Oil tanker owners are cushioning the impact of Iranian trade restrictions by shipping crude over greater distances to some of Asia’s biggest economies, the founder of Nordic American Tankers Ltd. said on Wednesday.
Chief Executive Herbjorn Hansson said Western sanctions on doing business with Iran had led to an increase in oil shipments from West African countries to energy-hungry China and India -longer routes that generate bigger revenues for shipping firms.
Tanker demand is expressed in “ton-miles”, the amount of oil transported in tankers multiplied by the distance over which the oil is moved.
“It takes more (ton-miles) to ship oil from West Africa to China than from Iran to China,” Hansson said in an interview. “I would not overestimate the impact of the sanctions on Iran.”
Western sanctions were introduced last year to choke off funding for Iran’s nuclear program. As part of these sanctions, the United States requires buyers of Iranian crude oil to reduce imports or face exclusion from the U.S. financial system.
India, the second-largest buyer of Iranian crude, is set to halt all crude imports from the Islamic republic because insurance companies have said they would no longer cover the refineries that process this oil.
Industry sources say China, the biggest buyer of Iranian crude, is expected to cut imports by up to 10 percent this year, following a 21 percent drop in 2012 due to a contract dispute and shipping problems caused by the sanctions.
“They need to find oil from other places,” Norwegian-born Hansson, 65, told Reuters by telephone from Oslo. Along with his family, he owns 5.7 percent of Bermuda-based Nordic American.
The company’s 20 tankers are moving largely between China and India and Angola, Nigeria and the Middle East, Hansson said.
Asian oil imports from oil-producing countries in West Africa are expected to rise slightly to 1.68 million barrels per day in March from the previous month, according to data based on traders’ ship tracking compiled by Reuters.
62 QUARTERS OF DIVIDENDS
Nordic American’s shares have risen 14 percent this year, closing at $9.98 on the New York Stock Exchange on Tuesday, compared with an 8 percent gain in the Thomson Reuters United States Oil & Gas Transportation Services Index.
The company is one of few in the shipping industry to have paid dividends throughout a period of escalating costs and low freight rates. It has paid a dividend for 62 consecutive quarters and Hansson said he was “hopeful” of keeping this up.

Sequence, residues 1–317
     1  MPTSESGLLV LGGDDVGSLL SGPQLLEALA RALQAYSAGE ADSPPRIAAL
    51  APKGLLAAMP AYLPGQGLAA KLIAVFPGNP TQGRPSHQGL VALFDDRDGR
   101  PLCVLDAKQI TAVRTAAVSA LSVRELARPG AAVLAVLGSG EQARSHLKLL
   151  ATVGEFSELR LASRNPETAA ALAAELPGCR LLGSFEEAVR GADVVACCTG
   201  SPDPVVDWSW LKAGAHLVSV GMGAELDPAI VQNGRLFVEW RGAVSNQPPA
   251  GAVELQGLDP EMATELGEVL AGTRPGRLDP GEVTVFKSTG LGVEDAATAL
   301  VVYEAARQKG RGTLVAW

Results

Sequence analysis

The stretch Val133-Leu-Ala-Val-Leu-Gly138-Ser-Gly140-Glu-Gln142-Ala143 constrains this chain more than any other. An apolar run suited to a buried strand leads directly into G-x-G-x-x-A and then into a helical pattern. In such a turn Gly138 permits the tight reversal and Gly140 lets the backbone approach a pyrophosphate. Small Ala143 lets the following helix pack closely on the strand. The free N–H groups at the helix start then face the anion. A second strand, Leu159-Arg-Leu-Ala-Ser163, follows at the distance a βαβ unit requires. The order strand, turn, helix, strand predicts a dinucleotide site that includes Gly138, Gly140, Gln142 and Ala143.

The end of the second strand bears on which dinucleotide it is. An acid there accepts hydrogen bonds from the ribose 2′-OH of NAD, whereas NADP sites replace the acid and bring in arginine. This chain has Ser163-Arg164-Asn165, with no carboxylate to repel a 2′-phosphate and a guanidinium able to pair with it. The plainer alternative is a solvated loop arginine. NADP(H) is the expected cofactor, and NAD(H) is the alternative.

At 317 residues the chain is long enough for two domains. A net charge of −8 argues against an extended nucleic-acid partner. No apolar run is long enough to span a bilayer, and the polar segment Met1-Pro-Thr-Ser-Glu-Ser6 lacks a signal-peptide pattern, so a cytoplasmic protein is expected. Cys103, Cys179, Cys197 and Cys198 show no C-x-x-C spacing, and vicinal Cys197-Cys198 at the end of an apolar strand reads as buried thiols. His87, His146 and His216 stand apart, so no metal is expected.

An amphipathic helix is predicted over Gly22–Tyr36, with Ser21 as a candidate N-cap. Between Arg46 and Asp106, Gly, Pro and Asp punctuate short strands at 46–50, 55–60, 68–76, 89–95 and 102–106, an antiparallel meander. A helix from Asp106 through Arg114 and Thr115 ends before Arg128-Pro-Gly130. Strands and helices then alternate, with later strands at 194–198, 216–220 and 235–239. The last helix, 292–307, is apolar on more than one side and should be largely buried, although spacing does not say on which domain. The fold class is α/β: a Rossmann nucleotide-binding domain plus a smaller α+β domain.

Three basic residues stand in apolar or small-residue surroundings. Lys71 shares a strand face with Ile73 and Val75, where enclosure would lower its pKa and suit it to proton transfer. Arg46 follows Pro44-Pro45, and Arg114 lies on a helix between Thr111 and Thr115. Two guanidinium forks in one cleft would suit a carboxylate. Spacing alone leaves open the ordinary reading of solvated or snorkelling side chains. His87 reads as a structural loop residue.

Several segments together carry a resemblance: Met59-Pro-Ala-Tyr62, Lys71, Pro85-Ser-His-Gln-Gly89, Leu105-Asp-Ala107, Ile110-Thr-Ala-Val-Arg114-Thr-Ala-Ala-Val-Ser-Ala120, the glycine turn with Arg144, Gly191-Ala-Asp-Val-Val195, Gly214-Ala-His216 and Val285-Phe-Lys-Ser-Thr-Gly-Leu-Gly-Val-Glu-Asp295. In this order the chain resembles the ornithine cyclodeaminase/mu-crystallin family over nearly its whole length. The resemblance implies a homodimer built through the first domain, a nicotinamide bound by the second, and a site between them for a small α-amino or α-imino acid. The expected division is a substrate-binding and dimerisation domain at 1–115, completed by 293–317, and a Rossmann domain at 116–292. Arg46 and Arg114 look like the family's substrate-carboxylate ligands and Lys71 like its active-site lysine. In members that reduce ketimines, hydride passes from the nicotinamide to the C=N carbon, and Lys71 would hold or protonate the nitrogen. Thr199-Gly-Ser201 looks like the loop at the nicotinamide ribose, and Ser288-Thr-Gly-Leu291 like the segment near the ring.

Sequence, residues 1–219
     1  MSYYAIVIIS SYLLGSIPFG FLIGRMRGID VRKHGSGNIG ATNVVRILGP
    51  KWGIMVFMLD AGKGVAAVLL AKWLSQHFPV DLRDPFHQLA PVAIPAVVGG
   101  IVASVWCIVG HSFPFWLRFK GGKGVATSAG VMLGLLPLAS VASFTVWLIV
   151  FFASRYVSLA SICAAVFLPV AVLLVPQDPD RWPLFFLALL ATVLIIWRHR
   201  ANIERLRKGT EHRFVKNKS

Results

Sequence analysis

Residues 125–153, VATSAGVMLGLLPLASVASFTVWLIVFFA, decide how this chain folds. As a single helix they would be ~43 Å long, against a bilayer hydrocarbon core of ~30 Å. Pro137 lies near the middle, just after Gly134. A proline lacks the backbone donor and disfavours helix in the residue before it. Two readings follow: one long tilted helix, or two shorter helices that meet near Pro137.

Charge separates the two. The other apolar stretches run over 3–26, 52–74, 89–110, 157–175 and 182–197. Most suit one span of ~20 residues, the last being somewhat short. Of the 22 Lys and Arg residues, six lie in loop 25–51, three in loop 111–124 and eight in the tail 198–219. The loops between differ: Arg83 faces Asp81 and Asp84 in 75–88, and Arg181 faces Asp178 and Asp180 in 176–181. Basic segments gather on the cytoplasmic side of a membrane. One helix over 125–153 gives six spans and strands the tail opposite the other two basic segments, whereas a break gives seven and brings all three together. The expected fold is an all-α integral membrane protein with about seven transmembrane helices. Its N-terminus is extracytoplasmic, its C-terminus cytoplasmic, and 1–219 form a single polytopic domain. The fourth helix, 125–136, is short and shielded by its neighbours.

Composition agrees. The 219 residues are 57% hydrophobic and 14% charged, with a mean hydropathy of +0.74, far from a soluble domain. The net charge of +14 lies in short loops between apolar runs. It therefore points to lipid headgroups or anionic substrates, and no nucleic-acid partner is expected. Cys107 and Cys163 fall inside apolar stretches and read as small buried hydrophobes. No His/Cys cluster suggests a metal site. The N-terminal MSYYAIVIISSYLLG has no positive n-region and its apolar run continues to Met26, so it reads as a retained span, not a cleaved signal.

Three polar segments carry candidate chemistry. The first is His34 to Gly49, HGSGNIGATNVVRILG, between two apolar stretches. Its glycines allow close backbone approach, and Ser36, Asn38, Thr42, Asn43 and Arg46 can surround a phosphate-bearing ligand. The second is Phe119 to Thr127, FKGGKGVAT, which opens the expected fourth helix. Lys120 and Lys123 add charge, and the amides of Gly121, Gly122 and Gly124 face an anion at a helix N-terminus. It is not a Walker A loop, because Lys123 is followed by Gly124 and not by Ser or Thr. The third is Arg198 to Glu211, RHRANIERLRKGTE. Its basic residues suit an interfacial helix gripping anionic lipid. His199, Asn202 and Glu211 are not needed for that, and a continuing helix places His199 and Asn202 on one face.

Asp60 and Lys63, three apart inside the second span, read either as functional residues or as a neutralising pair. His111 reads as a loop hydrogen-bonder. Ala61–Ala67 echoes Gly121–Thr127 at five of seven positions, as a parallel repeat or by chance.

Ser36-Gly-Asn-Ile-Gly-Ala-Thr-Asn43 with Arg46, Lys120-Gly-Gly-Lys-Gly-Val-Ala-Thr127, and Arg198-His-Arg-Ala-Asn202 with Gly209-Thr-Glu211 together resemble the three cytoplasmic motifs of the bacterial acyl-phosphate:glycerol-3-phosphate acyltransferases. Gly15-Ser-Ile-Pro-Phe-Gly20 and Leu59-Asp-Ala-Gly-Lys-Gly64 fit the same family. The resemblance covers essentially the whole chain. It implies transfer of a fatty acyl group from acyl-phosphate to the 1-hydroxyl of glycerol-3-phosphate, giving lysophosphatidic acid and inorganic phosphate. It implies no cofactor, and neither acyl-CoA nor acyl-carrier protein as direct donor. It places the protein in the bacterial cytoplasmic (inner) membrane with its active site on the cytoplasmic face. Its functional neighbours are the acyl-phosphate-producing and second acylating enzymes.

An oversupply of ships, the result of a spending spree by owners in the years before economies worldwide hit the rocks, has sent rates tumbling and cut into profitability. But Hansson said he saw “some positive signs on the horizon.”
“The potential of the Far East has been underestimated,” he said, citing relatively low per capita oil consumption in China versus the United States.
Whatever happens, Hansson – an avid reader of Scandinavian crime novels – said his company would observe international trade rules and would not pursue lucrative but risky rates on offer to ship goods not subject to sanctions into Iran.
Asked about a risk factor included in the company’s annual filing with U.S. regulators, which said that, from time to time, its vessels call on ports in countries subject to restrictions, Hansson said this “almost never happens”.
The filing, dated March 19, also stated that Nordic American did not do any business last year with Cuba, Syria or Iran.
“In the last two years, we may have been to Iran one time, but we never infringe rules,” he said.
Rival Capital Product Partners LP said in a filing in February that its ships docked 10 times at Iranian ports last year out of 800 total calls worldwide.
The ships were sub-let by a company that hired them from Capital Product. The vessels making these port calls were transporting either vegetable oils or molasses, which are not subject to sanctions, the company said in the filing.
(Editing by Robin Paxton)